Case Western Medical School professor Dr. Phillip Resnick is a forensic psychologist who has testified in a number of prominent cases, including the 2001 Andrea Yates case. He spoke with NPR about a variety of circumstances in which parents kill their children, including what he calls an “altruistic killing” which occurs when a depressed parent decides to kill his or her children to spare them from the cruelty of the world. In a previous study, he found one in every 33 mothers in the United States is a parent killing his or her child.
To read the Associated Press article that Dr. Korbin contributed to, click here.
To listen to an NPR conversation with Dr. Resnick and two mothers, click here.
Tags: Children, Family, Mental Health, Parenthood, Violence, Welfare
April is National Child Abuse Prevention Month
4/14/2011 10:40:22 AM
Since 1983, Congress has declared April National Child Abuse Prevention Month. In 2007, Child Protective Services confirmed 772,000 cases of abused or neglected children, and in 2006, 1,530 children died from maltreatment. In addition to short-term physical injuries, child abuse can cause permanent visual, motor and cognitive impairments as well as long-term mental health impacts.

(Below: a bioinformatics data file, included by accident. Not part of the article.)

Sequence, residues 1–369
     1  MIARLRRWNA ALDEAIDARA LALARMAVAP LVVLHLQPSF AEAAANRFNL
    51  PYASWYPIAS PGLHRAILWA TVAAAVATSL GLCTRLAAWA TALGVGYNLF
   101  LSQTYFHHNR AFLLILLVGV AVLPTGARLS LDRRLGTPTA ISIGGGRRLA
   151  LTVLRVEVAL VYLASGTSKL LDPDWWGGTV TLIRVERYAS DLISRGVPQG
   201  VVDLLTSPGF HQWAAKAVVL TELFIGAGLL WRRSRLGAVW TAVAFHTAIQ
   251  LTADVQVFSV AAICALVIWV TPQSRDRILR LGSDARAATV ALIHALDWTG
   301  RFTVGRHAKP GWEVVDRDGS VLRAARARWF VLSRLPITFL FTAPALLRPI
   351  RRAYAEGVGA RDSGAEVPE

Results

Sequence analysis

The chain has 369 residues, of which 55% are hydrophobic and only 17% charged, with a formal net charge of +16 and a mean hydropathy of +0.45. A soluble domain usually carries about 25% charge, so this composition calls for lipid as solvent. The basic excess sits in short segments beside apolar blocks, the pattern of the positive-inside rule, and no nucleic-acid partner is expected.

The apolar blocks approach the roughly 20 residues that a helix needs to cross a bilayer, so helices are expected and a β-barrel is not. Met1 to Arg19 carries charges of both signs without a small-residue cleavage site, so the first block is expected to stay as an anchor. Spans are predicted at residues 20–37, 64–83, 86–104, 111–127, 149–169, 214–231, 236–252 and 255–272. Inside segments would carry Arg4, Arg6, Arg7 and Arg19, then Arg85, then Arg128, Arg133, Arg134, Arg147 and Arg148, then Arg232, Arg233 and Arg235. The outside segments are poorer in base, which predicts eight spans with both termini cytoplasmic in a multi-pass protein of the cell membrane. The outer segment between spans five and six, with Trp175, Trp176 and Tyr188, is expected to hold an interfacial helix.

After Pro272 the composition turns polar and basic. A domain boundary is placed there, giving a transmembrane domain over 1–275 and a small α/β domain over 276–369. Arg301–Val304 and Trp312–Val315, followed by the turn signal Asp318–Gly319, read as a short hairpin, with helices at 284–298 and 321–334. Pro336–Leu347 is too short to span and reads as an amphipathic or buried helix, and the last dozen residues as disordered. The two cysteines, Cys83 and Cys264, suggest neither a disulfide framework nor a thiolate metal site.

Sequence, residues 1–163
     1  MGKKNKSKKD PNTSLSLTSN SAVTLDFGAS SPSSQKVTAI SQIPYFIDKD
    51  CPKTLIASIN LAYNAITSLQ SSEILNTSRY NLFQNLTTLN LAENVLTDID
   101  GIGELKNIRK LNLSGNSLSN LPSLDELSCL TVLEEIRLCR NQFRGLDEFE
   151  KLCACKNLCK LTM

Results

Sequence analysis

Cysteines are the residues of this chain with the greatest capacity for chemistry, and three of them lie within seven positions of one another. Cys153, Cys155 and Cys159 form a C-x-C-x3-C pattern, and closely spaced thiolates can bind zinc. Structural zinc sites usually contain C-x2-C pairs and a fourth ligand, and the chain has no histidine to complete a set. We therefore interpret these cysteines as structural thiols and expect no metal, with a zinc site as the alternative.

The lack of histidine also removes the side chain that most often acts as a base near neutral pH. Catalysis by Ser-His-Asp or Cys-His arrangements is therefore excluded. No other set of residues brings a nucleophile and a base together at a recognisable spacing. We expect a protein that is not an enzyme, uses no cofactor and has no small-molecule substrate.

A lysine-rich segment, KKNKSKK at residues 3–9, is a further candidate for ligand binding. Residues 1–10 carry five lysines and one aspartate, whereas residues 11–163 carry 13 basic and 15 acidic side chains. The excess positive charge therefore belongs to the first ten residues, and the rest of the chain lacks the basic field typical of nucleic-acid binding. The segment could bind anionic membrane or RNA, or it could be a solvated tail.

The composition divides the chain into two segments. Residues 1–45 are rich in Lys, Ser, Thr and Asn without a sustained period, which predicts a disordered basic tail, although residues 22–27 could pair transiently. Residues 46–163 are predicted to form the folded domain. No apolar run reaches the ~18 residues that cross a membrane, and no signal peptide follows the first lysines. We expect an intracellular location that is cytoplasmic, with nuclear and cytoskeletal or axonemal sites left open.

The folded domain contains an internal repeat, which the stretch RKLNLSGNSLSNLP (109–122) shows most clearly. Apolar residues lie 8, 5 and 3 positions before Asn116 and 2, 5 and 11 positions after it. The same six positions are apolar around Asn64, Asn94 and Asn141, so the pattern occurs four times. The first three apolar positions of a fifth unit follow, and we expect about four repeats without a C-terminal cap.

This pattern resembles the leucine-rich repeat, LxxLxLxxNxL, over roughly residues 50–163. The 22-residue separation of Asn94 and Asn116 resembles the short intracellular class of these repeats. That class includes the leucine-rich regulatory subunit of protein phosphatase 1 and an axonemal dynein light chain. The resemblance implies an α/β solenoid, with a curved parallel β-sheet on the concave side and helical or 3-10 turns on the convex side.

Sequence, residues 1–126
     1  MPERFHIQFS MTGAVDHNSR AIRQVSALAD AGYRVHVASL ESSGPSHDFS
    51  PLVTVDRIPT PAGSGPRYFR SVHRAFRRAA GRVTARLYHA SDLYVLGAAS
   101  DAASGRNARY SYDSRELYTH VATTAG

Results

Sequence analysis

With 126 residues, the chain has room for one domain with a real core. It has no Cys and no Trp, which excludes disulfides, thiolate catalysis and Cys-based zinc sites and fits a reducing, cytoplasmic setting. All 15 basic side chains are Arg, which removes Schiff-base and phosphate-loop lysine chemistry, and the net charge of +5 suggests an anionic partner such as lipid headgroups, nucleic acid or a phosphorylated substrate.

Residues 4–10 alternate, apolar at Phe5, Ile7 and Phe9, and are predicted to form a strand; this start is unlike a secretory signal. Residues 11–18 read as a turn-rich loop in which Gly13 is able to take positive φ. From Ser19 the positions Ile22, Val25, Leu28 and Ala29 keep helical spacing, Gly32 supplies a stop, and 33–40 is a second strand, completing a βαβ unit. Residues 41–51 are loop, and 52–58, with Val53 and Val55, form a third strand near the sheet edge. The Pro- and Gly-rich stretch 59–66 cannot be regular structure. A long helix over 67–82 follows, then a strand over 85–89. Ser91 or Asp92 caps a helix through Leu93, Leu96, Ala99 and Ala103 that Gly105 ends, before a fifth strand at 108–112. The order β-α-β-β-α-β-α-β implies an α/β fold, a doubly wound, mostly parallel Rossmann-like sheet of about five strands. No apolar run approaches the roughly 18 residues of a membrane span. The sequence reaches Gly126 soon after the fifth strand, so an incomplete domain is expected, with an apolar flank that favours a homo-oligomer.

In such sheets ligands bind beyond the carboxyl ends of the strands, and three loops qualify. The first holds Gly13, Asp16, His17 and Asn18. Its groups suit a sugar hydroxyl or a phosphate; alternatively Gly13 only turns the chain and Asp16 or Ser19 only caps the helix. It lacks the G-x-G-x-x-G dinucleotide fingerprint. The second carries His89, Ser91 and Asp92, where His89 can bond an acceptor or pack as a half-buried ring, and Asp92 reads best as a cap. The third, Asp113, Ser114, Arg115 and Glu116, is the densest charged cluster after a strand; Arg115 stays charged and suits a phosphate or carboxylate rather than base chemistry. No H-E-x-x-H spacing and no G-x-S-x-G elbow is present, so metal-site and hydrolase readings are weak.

However, there are protective factors that can be nurtured in order to prevent child abuse. Childwelfare.gov describes 5 protective factors in preventing child maltreatment: nurturing and attachment, knowledge of parenting and of child and youth development, parental resilience, social connections, and concrete supports for parents.
Several Schubert Center Faculty Associates study issues related to child abuse and neglect:
To learn more about National Child Abuse Prevention Month and what you can do, click here.
- Schubert Center Director Dr. Jill Korbin has over 35 years of experience in the field of child maltreatment and neglect, with a focus on child abuse in a cross-cultural setting. She is currently participating in a committee at the Centers for Disease Control to rewrite the parameters defining child abuse. Additionally, she is editing a series of edited volumes on contemporary issues in child maltreatment research and policy.
- Dr. Victor Groza of the Mandel School of Applied Social Sciences studies child welfare in the context of adoption.
- Dr. Lolita McDavid in Pediatrics is the medical director of the department of Child Advocacy and Protection at University Hospital’s Case Medical Center.
To learn more about the health effects of child abuse and neglect, click here.
Tags: Children, Family, Parenthood, Welfare
Women Abused During Childhood at Increased Risk for Having Low Birthweight Babies
3/31/2011 9:12:44 AM